Opinion | The Indian puzzle of life expectancy rising with age4 min read . Updated: 15 May 2019, 10:32 PM IST
An important measure of national well-being depends on survival in the first year of birth
Is it possible for life expectancy to increase with increasing age? Presumably not. However, India experiences this paradox, explained by its historically low life expectancy at birth. More on that later. But, what does life expectancy really mean? Life expectancy at birth refers to the average number of years an individual is expected to live, given mortality rates. As a concept, life expectancy is much broader than usually understood. It is a fluid concept that differs on the basis of various factors. First, it varies across time horizons based on varying conditions such as war, spread of epidemics and environmental conditions. Second, it varies across age cohorts, again given mortality rates. Third, it also differs across space for the same time, depending on variations in geographical, economic, social and gender factors. Despite consistent improvements in life expectancy at birth, India’s life expectancy at birth is still lower than the global average. According to the last census, Indian life expectancy has merely increased from 60 years in 1992 to 67.9 years in 2012. Based on data from abridged life tables of the census, one can draw two major inferences. First, life expectancy at every age is higher for females than for males. This can be explained by a biological phenomenon, which confers a higher survival advantage to females over males throughout their lifetime. The second observation is that life expectancy declines as age increases. For instance, life expectancy at age 1 for females and males is 71.9 and 68.3 respectively. Thereafter, as one attains age 5, life expectancy declines to 68.8 for females and 64.9 for males and, subsequently, at age 20, it further declines to 54.6 and 50.6 respectively. This is consistent with the fact that as one ages, the number of years one is expected to survive thereafter declines.
However, if one observes India’s life tables for age cohort 0-1, life expectancy does not adhere to the above logic, which is otherwise applicable throughout the ages of 1 to 70. The age cohort 0-1, therefore, presents a paradox. The life expectancy for females and males at birth is 69.6 and 66.4 respectively, which increases to 71.9 and 68.3 years once they attain the age of 1.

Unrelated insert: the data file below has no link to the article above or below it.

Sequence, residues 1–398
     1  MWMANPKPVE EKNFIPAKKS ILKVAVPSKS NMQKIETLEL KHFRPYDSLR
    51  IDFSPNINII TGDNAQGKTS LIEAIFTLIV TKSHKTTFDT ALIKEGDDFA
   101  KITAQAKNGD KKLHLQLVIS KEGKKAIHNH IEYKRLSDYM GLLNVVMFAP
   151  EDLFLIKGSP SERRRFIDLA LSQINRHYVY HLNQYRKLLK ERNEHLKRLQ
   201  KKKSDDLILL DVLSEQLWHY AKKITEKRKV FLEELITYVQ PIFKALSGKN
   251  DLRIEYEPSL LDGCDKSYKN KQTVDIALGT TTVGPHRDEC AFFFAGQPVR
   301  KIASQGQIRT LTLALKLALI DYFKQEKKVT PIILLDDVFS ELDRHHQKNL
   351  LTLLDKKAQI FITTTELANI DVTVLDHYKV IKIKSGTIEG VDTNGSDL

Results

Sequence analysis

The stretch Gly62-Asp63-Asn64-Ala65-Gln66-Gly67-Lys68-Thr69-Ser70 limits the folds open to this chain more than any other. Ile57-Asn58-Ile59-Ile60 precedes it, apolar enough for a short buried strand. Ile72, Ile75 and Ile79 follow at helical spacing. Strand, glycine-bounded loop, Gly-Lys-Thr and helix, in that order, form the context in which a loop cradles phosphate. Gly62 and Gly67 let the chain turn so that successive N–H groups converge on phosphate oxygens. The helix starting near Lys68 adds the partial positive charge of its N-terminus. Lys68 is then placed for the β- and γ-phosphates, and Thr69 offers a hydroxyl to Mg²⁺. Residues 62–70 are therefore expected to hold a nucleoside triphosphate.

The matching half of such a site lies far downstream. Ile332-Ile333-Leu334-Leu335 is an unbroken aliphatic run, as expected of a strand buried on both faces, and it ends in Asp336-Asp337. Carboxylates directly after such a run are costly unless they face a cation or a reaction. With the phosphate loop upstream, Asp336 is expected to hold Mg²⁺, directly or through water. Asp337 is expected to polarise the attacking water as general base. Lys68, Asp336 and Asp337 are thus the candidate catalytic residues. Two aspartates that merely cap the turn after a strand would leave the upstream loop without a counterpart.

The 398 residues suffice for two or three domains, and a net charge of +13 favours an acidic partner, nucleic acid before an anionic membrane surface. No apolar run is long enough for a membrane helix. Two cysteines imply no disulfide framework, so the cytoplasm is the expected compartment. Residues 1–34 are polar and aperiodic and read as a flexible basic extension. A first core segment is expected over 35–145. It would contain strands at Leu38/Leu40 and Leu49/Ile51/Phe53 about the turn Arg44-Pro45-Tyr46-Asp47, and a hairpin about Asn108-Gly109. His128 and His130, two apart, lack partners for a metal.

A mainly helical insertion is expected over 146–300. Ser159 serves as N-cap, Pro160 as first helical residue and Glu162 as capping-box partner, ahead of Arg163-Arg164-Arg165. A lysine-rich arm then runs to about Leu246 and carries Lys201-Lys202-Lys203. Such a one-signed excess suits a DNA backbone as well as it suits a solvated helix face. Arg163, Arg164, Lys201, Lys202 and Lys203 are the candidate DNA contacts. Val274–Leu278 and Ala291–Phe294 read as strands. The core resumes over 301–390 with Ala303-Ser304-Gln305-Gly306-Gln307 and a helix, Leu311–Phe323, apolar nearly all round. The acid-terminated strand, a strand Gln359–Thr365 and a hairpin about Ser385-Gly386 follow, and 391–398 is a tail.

Clearly, instead of declining, life expectancy is increasing with age. Seemingly, a newborn in India has a lower probability of surviving in the first year as compared to the probability of survival after the age of one year.
Life expectancy statistics between age 0 and 1 present a seemingly minor anomaly, they have significant implications for India’s life expectancy at birth, a key measure of national well-being.
The first-year survival rate brings down the overall average life expectancy of Indians.
An analogy could be drawn with the National Aeronautics and Space Administration’s (Nasa’s) space shuttle Challenger, which ended in a tragedy that killed all its crew on 28 January 1986. The cause was speculated to be some major malfunction. However, later, the proximate cause was identified as the failure of its O-ring seal, an inconspicuous part.
Here, the O-ring is a metaphor for a small matter of detail that explains a major phenomenon.
In this analysis, we wish to understand the reason for historically low life expectancy at birth in India. High infant mortality rates (IMR) can potentially explain this anomaly, the O-ring in this case. Statistics of the Organisation for Economic Co-operation and Development (OECD) show a strong correlation between IMR and life expectancy at birth. Countries with robust interventions aimed at IMR reduction have better life expectancy at birth. Furthermore, within the 0-1 age cohort, the neonatal mortality rate (NNMR), or rate of deaths occurring in the first 28 days, is the primary factor impacting IMR. Studies show that risk of such a death is almost 30 times higher than in the post-neonatal period. No wonder the median NNMR and IMR for India stood at 24 and 32, respectively, in 2017-18. Loosely, this means that of every 1,000 births in India, around 24 deaths occur in the first month and the other 8 between 28 days to 1 year.
Several observations corroborate these high mortality rates. One of these observations is the high infant malnutrition in India. National Family Health Survey 4 (2015-16) data show high incidence of stunting, atrophy and underweight under-five children (38.4%, 21% and 35.8% respectively).
Other causal factors broadly include immunizable diseases, poor sanitation and breastfeeding practices. A deeper analysis links these factors to maternal education and state intervention. The former relates to awareness and latter to state-administered health supplements, immunization and sanitation access.
The government has accelerated progress through programmes such as Mission Indradhanush, Swachh Bharat Mission, National Rural Health Mission and Poshan Abhiyan. Despite these measures, however, the progress has been rather slow.
Undoubtedly, the impact that interventions focused on the first year of birth can have on the survival of individuals is profound. That being recognized, any strategy to raise life expectancy at birth should be aimed at tackling causal factors of IMR and NNMR by designing an appropriate microstructure of interventions.